At The New Builders, we’re always excited to see tools that give developers a chunk of new functionality and present it in a way that’s easy to interact with.
In our latest episode, we spoke to Mapbox’s Ryan Baumann (@RyanBaumann) about some of the unique advantages of Mapbox, the coolest things developers are building with it and the industries and use cases where he thinks mapping technology will really take off in 2017.
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The Value of Real-time Mapping
Today’s mapping technologies must offer more than just overlays of data points on a static map, as Ryan points out during our interview. In a data-hungry world, it’s not enough to just produce a map once a year, or only update it when something major changes. The real value of mapping tools comes when you start to update maps in real time, or combine static and dynamic data to unlock new possibilities.
The reason apps like Google Maps and Citymapper are so popular isn’t just that they give you accurate maps, but that they leverage your smartphone’s location services with, for example, real-time public transport data to help you get around your city faster and with less stress.
If you want to build responsive apps yourself and add real-time mapping capabilities, it’s important to have a lot of power and flexibility at both the front end (which is where Mapbox comes in) and the back-end, where your data is coming from.
Imagine your organization operates across a large work-site with vehicles moving around it – an airport, a quarry, or a city with a fleet of garbage trucks. You might want to map and analyze the routes of these vehicles in real time to help the drivers coordinate their work and make better decisions. Yet a query that seems relatively intuitive for a human – such as “which of my vehicles are in the repair depot at the moment?” – requires a lot of complex logic for an application to understand, and for a database to process.
Traditionally, this kind of functionality – for example, drawing complex polygons and returning any records whose latitude and longitude coordinates fall within those polygons – was only provided by complex, expensive Geographic Information Systems (GIS).
A New Generation of Geospatially Enabled Apps
Today, developers have access to tools that achieve advanced GIS capabilities with much greater simplicity and ease of use. IBM Cloudant, for example, offers optimized geospatial queries as standard. By storing geospatial data in GeoJSON format and using sophisticated algorithms to index it automatically, Cloudant makes it easy to develop mapping features that can work at the scale and speed required by today’s web, mobile and IoT apps.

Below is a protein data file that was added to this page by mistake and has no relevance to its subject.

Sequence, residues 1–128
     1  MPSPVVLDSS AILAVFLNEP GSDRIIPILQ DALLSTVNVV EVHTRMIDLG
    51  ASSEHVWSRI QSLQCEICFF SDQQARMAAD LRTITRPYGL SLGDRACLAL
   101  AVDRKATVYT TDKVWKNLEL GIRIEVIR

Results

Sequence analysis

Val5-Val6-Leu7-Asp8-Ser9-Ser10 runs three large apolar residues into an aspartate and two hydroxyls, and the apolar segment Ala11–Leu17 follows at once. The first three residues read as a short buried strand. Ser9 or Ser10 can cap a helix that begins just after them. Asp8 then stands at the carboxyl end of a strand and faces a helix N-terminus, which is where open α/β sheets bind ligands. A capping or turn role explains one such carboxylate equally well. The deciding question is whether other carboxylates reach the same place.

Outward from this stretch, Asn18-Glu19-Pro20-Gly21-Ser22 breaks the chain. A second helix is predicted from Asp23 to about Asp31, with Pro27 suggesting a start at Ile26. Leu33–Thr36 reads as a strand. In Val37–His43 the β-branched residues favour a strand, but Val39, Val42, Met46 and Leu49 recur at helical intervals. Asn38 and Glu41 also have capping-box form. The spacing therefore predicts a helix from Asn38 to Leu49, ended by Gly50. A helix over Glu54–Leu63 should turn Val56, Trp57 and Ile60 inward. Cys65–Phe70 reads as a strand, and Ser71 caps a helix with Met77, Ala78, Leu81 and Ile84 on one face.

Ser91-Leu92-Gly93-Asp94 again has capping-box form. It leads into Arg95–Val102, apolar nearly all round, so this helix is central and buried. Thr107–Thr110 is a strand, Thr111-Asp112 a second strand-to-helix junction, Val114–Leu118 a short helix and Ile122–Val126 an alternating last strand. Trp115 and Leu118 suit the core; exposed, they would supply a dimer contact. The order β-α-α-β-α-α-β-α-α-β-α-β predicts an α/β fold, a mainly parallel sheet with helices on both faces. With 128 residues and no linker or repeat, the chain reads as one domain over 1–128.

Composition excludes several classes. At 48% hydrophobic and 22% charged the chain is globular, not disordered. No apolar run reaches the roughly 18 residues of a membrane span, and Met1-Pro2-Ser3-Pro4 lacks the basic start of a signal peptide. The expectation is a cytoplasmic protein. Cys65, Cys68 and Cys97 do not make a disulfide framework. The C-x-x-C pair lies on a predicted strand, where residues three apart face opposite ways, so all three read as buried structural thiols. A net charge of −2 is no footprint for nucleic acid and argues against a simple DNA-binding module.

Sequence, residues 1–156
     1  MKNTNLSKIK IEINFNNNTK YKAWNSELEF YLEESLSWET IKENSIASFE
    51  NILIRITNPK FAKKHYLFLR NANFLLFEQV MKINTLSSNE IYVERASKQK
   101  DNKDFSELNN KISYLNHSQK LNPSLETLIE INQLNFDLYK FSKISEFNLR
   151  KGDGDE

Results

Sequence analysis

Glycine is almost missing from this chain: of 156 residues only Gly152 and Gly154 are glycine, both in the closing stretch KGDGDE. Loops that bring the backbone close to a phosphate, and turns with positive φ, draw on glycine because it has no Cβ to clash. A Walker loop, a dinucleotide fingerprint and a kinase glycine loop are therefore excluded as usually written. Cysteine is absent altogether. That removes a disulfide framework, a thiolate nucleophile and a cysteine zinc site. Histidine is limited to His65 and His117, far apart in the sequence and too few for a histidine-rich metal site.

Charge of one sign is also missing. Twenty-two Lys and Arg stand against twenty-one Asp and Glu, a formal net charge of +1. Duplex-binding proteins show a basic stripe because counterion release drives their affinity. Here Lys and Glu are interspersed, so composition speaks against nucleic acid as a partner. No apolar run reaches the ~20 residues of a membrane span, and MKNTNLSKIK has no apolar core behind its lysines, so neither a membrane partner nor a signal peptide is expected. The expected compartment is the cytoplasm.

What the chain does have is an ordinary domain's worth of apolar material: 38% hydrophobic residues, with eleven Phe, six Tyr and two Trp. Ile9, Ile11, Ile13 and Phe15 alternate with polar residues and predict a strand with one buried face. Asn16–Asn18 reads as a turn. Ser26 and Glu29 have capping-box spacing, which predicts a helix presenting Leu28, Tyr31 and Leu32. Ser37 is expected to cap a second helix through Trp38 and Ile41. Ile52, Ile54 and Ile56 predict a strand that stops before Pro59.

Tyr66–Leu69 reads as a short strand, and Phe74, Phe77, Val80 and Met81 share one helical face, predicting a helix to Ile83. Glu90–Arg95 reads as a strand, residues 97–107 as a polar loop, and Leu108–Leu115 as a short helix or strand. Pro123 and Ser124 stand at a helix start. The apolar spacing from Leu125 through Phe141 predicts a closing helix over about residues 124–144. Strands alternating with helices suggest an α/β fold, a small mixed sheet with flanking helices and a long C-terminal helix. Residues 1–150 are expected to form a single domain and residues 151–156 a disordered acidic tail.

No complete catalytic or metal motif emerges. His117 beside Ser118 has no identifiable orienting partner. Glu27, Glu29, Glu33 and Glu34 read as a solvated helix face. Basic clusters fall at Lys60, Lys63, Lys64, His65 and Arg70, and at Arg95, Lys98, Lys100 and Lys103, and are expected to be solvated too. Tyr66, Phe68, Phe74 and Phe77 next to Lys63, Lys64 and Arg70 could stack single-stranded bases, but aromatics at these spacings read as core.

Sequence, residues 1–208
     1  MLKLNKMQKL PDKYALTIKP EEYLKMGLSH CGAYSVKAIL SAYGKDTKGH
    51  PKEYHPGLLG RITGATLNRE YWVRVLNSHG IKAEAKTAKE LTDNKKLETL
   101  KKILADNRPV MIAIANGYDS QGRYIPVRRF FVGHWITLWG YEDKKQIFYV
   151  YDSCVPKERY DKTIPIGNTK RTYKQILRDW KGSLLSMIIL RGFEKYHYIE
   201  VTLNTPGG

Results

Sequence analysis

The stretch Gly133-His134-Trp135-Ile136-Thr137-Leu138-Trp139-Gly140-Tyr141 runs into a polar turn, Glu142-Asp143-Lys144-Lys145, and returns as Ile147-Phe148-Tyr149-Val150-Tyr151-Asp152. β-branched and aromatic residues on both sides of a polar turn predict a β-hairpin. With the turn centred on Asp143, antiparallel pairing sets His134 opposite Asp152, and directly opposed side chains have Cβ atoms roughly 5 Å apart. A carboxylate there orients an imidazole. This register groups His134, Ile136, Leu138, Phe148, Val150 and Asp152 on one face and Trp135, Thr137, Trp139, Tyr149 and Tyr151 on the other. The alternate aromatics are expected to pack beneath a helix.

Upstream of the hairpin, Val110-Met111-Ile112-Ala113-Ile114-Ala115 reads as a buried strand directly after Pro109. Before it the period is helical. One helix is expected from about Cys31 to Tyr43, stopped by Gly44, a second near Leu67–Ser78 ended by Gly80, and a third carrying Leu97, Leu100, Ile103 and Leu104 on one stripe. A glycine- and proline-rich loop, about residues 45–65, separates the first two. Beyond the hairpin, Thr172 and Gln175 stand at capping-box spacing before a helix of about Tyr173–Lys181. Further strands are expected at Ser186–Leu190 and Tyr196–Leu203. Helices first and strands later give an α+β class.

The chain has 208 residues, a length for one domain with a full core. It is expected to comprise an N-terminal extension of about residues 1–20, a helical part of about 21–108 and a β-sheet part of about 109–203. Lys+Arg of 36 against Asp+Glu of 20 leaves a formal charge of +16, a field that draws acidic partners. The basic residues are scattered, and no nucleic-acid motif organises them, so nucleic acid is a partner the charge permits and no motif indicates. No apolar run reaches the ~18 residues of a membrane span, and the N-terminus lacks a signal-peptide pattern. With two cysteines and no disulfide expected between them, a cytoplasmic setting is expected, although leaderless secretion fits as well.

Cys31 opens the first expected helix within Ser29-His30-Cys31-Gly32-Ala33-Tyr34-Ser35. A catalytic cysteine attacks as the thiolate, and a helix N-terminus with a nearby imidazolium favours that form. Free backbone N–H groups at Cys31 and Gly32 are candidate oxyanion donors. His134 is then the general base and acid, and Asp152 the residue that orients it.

Moreover, because Cloudant’s advanced data replication and syncing is designed for offline first app development, it’s relatively simple to provide geospatial functionality even while the user is offline. If your users are field engineers working on asset maintenance in remote areas, you can provide offline mapping capabilities that help them keep their bearings even when they don’t have a data connection.
With tools like Cloudant and Mapbox, developers can integrate highly sophisticated maps into their applications, and present the data to users in a host of innovative ways, all without the pains of traditional GIS solutions.
In fact, IBM has even embedded Mapbox in Cloudant’s web management dashboard, so you can build queries interactively and simply copy-and-paste the resulting API call into your app’s code. As a result, you can cut development time dramatically, even for highly complex geospatial analyses.
Taking Mapping into New Industries
Ryan made the point that mapping isn’t just for born-on-the-web companies or industries where location-based analysis is already commonplace, such as retail, advertising and utilities. In fact, the biggest opportunities could be in more traditional sectors, such as government, agriculture and heavy industries. Imagine a world where farmers round up their sheep by tracking them with a smartphone app, or garbage trucks can reroute themselves in real time based on live traffic patterns.
As Ryan says, these organizations often have all the data they need already – they’ve already done the hard work of building systems that collect geospatial data, taking aerial photos of their sites, and so on. The challenge is to help them realize that they can use this data in much more exciting ways than ever before.
With Mapbox and Cloudant, the tools are available, affordable, and easy to use.
To gain insight into Ryan’s vision for the future of mapping technologies – and find out why “extrusion” is a lot less painful than it sounds – listen to the full podcast. For more on Ryan himself, visit ryanbaumann.com, or to learn more about Mapbox and Cloudant, check out mapbox.com and the Cloudant Geo webpage.